No one could accuse Dan Aykroyd of waiting around for the perfect script to come along. "Doctor Detroit," now at area theaters, is as feeble a vehicle as any but the meanest mean spirit would ever wish on him, but it does allow Aykroyd to hop and romp through a variety of shticks--though probably fewer than he handled on a single week's installment of the original "Saturday Night Live."
Audiences may well wish he'd tossed in a few of those bits for old time's sake--a Tom Snyder, a Richard Nixon or a swinging Festrunk brother--and for the sake of the picture, which could use about a thousand more comic ideas than it has. In the farce, which never finds a tone for itself, Aykroyd plays a fussy college lit professor named Clifford Skridlow who, through pitifully contrived circumstances, becomes pimpo uno of a Chicago prostitution ring, metamorphosing at the drop of a pinkie ring into a garishly dressed, claw-handed alter ego called Doctor Detroit.
Aykroyd plays Skridlow as a sort of macho priss and the doctor with a grimace and a limp; the picture seems a curious cross between Don Quixote and Jerry Lewis as "The Nutty Professor." Near the end of the film, the limp is incorporated into a funny dance routine in a sequence that features James Brown and his ensemble; for a moment, the better parts of "The Blues Brothers" are recalled. But director Michael Pressman, who shows no aptitude for comedy up to this point, also shows no inclination to stay with a good thing, and so Aykroyd's crowd-pleasing dance is cut short. Pressman casts a real thud; he poops the party even when it makes a much-belated stab at getting frisky.
According to the plot, patched together by screenwriters Carl Gottlieb, Robert Boris and Bruce Jay Friedman, the schmo-ish Skridlow is recruited, through generous applications of mind-altering substances, by another pimp played by Howard Hesseman, his Hefty-bag face at full sleazy sag, because the pimp is in trouble with Mom, a Bru nnhilde of a madam whose other claim to fame is that she had successful colon transplant surgery.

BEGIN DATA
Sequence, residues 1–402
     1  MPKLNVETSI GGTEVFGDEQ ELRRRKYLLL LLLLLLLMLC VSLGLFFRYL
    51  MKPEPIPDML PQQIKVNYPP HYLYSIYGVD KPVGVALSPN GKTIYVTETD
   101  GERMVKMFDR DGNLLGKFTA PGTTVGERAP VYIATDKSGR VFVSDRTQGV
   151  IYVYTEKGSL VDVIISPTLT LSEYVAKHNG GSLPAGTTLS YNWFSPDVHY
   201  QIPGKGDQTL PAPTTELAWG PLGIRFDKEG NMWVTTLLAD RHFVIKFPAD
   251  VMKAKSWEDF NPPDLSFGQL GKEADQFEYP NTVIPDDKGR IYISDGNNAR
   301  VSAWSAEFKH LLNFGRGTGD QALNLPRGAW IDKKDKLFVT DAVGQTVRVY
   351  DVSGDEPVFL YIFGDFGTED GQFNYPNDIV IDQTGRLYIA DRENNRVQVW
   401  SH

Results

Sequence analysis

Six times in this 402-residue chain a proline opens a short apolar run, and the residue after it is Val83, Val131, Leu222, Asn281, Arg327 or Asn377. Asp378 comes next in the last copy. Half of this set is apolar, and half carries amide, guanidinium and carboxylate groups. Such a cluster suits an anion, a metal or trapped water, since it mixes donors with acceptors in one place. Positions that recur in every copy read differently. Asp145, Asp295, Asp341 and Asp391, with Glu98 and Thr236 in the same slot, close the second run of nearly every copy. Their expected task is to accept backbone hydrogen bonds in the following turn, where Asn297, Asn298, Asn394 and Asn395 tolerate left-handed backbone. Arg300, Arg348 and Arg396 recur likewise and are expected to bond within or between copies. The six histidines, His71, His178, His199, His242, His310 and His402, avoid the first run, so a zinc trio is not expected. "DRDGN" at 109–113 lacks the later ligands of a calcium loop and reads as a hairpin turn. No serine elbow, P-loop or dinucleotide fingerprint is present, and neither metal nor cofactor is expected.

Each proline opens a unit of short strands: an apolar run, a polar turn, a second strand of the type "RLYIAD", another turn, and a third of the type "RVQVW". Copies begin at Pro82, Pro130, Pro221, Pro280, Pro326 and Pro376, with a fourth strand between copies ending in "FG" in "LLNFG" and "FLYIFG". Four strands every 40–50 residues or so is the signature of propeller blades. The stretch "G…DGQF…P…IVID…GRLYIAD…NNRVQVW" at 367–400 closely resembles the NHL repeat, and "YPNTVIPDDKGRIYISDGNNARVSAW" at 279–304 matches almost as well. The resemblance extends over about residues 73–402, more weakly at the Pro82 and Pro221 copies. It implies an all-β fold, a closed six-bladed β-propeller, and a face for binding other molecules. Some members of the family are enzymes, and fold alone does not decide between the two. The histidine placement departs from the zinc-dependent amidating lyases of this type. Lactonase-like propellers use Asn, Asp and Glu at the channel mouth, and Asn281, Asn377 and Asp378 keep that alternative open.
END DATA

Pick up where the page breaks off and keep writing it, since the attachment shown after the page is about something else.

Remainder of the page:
Skridlow, transformed into Detroit, gets to play the avenger on behalf of the stable of four happy whores he inherited (one of them Donna Dixon, the lady of the high visual impact from TV's now-extinct "Bosom Buddies") and, later on, for all the good, pure and decent Chicago low-lifes Mom has wronged.
This premise is not so much supplemented by as dropped periodically for Skridlow's misadventures at the college, where his father is chancellor. A large corporation is about to save the impoverished school with a generous endowment for the Harold Robbins chair in literature (let's try to suppress our belly laughs) and Skridlow's frequent clandestine trips to the wild side threaten this plan, though half-heartedly at best, and often absent-mindedly as well.
In addition to the Skridlow and Detroit characters, Aykroyd briefly assumes the white suit, string tie and gravelly bluster of a southern lawyer, when the black prostitute in his charge is arrested for soliciting and sent before a bigoted judge named Robert E. Lee Davis-Jackson. Aykroyd makes the most of these ruses, and it's hard to judge his performance without considering the miserable excuse for material, but "Doctor Detroit" suggests strongly he is not capable of carrying a movie by himself (he'll be teamed next month in "Trading Places," a comedy with Eddie Murphy that sounds fairly promising).
There is some tangential support--from the ineffable Devo, which sings the title tune; from T.K. Carter, who surmounts the street-wise stereotype in his role as the pimp's chauffeur, and from a young actress named Fran Drescher, very slyly funny as prostitute Karen Blittstein, who takes over a catered dinner in classy bossy fashion and looks like she'd be just right for the lead role in "The Ann Miller Story." Unfortunately, she's all but misplaced until late in the picture.
These are fleeting inspirations, however, and when the picture falls back at fade-out time on the old "American Graffiti" character update routine, you know that the correct prescription for "Doctor Detroit" is, "Movie, heal thyself." DOCTOR DETROIT
Directed by Michael Pressman; screenplay by Carl Gottlieb, Robert Boris and Bruce Jay Friedman; story by Bruce Jay Friedman; director of photography, King Baggot; edited by Christopher Greenbury; music by Lalo Schifrin; executive producer, Bernie Brillstein. Produced by Robert K. Weiss for Universal Pictures. Rated R; 89 minutes.THE CASE Clifford SkridlowDan Aykroyd Smooth WalkerHoward Hesseman Arthur SkridlowGeorge Furth Monica McNeilDonna Dixon however, and when the picture falls back at fade-out time on the old "American Graffiti" character update routine, you know that the correct prescription for "Doctor Detroit" is, "Movie, heal thyself." DOCTOR DETROIT
Directed by Michael Pressman; screenplay by Carl Gottlieb, Robert Boris and Bruce Jay Friedman; story by Bruce Jay Friedman; director of photography, King Baggot; edited by Christopher Greenbury; music by Lalo Schifrin; executive producer, Bernie Brillstein. Produced by Robert K. Weiss for Universal Pictures. Rated R; 89 minutes. Clifford Skridlow . . . Dan Aykroyd Smooth Walker . . . Howard Hesseman Arthur Skridlow . . . George Furth Monica McNeil . . . Donna Dixon